Hearts and Minds

Jane Robinson

Doubleday

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Rise Up, Women!: The Remarkable Lives of The Suffragettes

Diane Atkinson

Bloomsbury

THE centenary of the first British women winning the vote, which came with the passage of the Representation of the People Act on February 6, 1918, prompted the republication of photographs synonymous with the campaign: ladies in white dresses and sashes carrying placards or being dragged along the streets by burly police officers. Fine, stirring images they are too. But, like many of the stories they accompany, they give the impression of solidarity, of women united in strategy and vision.

The truth is different. The suffrage movement, like most great movements, encompassed a wide spectrum of opinion and, after 1909-10, was increasingly split between those who thought militancy was the only way forward and those who thought it was counterproductive.

The most radical suffragettes have come to dominate the story, setting fire to postboxes and throwing yourself under the King’s horse being innately more interesting than peaceful lobbying. But among historians, the question still lingers: which strategy was more effective in wearing down the resistance of anti-female suffrage politicians such as Winston Churchill, Herbert Henry Asquith and David Lloyd George and securing the piece of legislation that gave 8.4 million women the vote?

It is complicated because, when the Great War began in 1914, all militancy was suspended and members of both camps threw themselves behind the war effort or into the peace campaign. By the time the Act was passed, the climate had changed: women had been running hospitals and working in munitions factories and the notion of female suffrage was less contentious.

Neither Jane Robinson’s Hearts and Minds nor Diane Atkinson’s Rise Up, Women! gives us a definitive answer but, read together, they provide an exhaustive account of a crusade that involved high jinks as well as self-sacrifice and a much more eclectic cast of characters than our fixation with Pankhursts, Emily Wilding Davison and a handful of Scots hunger strikers (such as Ethel Moorhead and Arabella Scott) would suggest.

In Hearts and Minds, Robinson turns the spotlight away from the more

high-profile protagonists and on to members of the law-abiding National Union of Women’s Suffrage Societies (NUWSS) and the Great Pilgrimage it staged in 1913.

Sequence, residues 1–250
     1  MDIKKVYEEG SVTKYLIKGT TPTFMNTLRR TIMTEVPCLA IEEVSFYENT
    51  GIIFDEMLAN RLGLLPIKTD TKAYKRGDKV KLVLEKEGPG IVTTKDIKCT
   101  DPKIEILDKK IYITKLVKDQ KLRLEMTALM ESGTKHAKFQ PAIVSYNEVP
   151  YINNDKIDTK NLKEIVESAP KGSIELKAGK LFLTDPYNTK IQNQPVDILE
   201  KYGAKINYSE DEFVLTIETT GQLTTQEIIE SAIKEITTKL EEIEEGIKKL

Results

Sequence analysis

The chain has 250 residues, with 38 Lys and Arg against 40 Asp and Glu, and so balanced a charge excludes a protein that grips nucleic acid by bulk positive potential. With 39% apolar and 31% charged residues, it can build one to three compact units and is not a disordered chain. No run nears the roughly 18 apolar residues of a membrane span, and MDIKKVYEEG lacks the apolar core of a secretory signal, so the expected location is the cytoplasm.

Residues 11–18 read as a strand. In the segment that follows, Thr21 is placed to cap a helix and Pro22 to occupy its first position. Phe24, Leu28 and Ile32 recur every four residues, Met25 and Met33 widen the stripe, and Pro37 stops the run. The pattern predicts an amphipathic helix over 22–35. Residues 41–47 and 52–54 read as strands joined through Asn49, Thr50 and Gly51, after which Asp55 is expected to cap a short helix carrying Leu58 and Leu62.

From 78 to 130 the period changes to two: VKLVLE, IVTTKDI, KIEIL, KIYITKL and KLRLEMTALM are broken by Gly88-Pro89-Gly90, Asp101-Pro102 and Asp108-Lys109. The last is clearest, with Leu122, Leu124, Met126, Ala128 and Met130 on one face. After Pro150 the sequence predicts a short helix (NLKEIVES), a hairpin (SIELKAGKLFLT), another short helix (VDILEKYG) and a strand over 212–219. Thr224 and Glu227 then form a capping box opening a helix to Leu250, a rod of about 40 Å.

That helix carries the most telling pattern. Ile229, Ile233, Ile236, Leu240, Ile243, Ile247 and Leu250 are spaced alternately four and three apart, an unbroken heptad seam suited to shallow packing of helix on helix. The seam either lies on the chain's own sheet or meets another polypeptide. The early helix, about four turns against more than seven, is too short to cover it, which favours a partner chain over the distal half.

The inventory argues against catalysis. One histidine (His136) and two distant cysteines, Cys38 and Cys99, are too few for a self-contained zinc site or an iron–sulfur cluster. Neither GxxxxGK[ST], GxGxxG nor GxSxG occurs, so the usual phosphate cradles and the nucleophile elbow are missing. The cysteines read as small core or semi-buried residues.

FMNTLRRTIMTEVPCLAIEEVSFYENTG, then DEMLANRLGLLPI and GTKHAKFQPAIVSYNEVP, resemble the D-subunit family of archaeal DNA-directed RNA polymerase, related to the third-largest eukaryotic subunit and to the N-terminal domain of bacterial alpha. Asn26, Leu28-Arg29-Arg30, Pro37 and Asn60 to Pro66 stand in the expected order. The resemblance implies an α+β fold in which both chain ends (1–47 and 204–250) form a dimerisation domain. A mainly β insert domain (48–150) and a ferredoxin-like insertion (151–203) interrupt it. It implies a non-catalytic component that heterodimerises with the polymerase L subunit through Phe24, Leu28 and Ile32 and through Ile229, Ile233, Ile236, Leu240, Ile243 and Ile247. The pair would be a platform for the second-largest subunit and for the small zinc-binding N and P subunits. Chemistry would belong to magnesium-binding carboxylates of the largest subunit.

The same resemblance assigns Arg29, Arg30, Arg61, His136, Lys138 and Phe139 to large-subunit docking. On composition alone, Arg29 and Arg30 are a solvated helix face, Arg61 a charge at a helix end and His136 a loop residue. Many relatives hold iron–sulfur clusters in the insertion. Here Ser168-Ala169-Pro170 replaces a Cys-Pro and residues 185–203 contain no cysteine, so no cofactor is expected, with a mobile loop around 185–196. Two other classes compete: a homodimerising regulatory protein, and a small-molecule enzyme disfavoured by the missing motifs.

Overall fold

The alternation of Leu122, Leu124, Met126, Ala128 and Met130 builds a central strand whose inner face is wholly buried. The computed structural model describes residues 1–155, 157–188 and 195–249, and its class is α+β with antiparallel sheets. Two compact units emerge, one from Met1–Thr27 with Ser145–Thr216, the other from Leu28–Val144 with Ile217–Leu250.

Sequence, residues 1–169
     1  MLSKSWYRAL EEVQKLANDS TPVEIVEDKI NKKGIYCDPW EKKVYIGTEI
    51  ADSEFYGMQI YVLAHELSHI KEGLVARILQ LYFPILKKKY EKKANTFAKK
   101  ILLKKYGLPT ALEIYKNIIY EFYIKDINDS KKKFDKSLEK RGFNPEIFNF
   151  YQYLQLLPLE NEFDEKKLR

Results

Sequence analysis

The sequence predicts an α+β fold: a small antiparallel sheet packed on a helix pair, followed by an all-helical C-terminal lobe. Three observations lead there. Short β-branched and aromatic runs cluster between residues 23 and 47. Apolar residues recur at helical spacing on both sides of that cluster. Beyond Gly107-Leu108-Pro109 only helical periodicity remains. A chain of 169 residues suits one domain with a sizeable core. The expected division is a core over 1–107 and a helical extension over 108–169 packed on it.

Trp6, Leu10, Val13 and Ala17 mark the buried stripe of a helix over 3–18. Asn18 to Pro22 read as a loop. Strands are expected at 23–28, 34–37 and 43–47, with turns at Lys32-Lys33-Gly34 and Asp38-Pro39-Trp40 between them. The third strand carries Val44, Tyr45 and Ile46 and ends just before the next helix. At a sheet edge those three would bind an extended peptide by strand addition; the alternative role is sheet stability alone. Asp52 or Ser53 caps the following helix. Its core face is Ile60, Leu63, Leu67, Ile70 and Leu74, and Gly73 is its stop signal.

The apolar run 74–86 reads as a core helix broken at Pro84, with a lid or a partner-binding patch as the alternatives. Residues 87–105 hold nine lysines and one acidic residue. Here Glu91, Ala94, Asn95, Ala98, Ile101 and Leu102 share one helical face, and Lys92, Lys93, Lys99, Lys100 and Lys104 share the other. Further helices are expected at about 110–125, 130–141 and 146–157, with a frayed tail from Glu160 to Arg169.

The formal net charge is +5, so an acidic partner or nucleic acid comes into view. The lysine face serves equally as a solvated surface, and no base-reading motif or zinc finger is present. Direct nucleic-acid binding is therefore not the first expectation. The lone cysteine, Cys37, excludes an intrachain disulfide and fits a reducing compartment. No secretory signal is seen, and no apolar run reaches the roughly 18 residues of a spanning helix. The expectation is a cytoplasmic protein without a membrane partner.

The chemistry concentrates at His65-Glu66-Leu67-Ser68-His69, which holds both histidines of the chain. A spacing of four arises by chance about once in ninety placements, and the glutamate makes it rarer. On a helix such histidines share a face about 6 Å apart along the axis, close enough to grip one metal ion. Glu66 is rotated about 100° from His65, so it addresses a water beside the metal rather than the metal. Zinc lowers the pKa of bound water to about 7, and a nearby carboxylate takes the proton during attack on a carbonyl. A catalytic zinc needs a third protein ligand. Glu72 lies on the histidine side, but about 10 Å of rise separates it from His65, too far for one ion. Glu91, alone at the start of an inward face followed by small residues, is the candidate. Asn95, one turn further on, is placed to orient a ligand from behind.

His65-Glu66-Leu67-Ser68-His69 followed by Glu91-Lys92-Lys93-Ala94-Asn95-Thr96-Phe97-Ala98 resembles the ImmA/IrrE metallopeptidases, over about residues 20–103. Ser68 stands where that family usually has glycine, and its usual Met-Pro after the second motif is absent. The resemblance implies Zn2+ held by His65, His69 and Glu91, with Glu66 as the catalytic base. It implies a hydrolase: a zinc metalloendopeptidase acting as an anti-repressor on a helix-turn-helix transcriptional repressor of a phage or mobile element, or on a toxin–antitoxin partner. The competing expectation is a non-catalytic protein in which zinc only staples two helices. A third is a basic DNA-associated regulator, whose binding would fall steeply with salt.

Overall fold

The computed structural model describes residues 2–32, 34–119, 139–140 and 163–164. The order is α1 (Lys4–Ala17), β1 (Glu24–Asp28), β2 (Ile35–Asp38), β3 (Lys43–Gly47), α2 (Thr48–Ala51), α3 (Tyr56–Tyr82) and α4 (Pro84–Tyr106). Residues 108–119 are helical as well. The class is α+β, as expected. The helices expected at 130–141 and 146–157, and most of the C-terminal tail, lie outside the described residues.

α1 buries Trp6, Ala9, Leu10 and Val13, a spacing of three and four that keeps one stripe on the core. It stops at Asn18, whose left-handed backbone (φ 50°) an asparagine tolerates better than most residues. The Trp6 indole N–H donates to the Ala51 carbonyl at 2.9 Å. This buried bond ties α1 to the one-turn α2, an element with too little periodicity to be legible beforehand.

The march, in which 50,000 women from all walks of life and from all over the UK descended on Hyde Park, was aimed at showing recalcitrant Liberal politicians (then in power) that “quiet, home-loving” women also wanted the vote. But it had another purpose too: to put clear, blue water between the NUWSS and its law-breaking sisters in the Pankhursts’ Women’s Social and Political Union (WSPU). In an attempt to distinguish themselves from the suffragettes, those taking part in the pilgrimage were advised to dress in sombre clothes and ensure they were non-threatening at all times. “It was as a much a march against militancy as it was for women’s rights,” Robinson writes. To the suffragettes, the suffragists were insipid and naïve, continuing to place their faith in politicians who strung them along, then reneged on their promises. But Robinson breathes life into them, revealing them as women of great humour, wisdom and organisational skills. Some, such as Elgin-born Mary “Murdie” Murdoch, Hull’s first female GP, famed for her open-topped carriage drawn by horses flamboyantly done up in the suffrage colours (red, white and green), were wilfully eccentric. Others, like Kate Frye, the “opinionated, self-confident and slightly dissatisfied” daughter of a Liberal MP, seem strikingly modern.

Frye was independent and politically savvy. Sent to Norfolk in 1912, she “pound[ed] the streets with no companion or chaperone”. At each new stop, she gathered intelligence: on the cheapest printers, on the political leanings of the local newspapers and whether or not the vicar was sympathetic. And, as her diaries make clear, she was no po-faced spinster. When a man in Lowestoft pays her attention she wonders if she should exploit his interest to gain his membership. “I suppose it helps the suffrage, but it shouldn’t,” she writes. “But it is hard to live up to suffrage. In some moods, I could flirt with a broomstick.”